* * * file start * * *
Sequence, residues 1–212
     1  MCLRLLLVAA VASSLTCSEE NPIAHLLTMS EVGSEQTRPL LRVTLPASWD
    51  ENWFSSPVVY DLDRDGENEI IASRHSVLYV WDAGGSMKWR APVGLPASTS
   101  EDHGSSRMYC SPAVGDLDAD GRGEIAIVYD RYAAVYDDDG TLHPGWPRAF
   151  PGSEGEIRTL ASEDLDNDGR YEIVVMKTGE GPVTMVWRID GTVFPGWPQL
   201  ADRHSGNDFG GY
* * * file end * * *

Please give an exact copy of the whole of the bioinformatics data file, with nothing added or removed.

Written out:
Sequence, residues 1–212
     1  MCLRLLLVAA VASSLTCSEE NPIAHLLTMS EVGSEQTRPL LRVTLPASWD
    51  ENWFSSPVVY DLDRDGENEI IASRHSVLYV WDAGGSMKWR APVGLPASTS
   101  EDHGSSRMYC SPAVGDLDAD GRGEIAIVYD RYAAVYDDDG TLHPGWPRAF
   151  PGSEGEIRTL ASEDLDNDGR YEIVVMKTGE GPVTMVWRID GTVFPGWPQL
   201  ADRHSGNDFG GY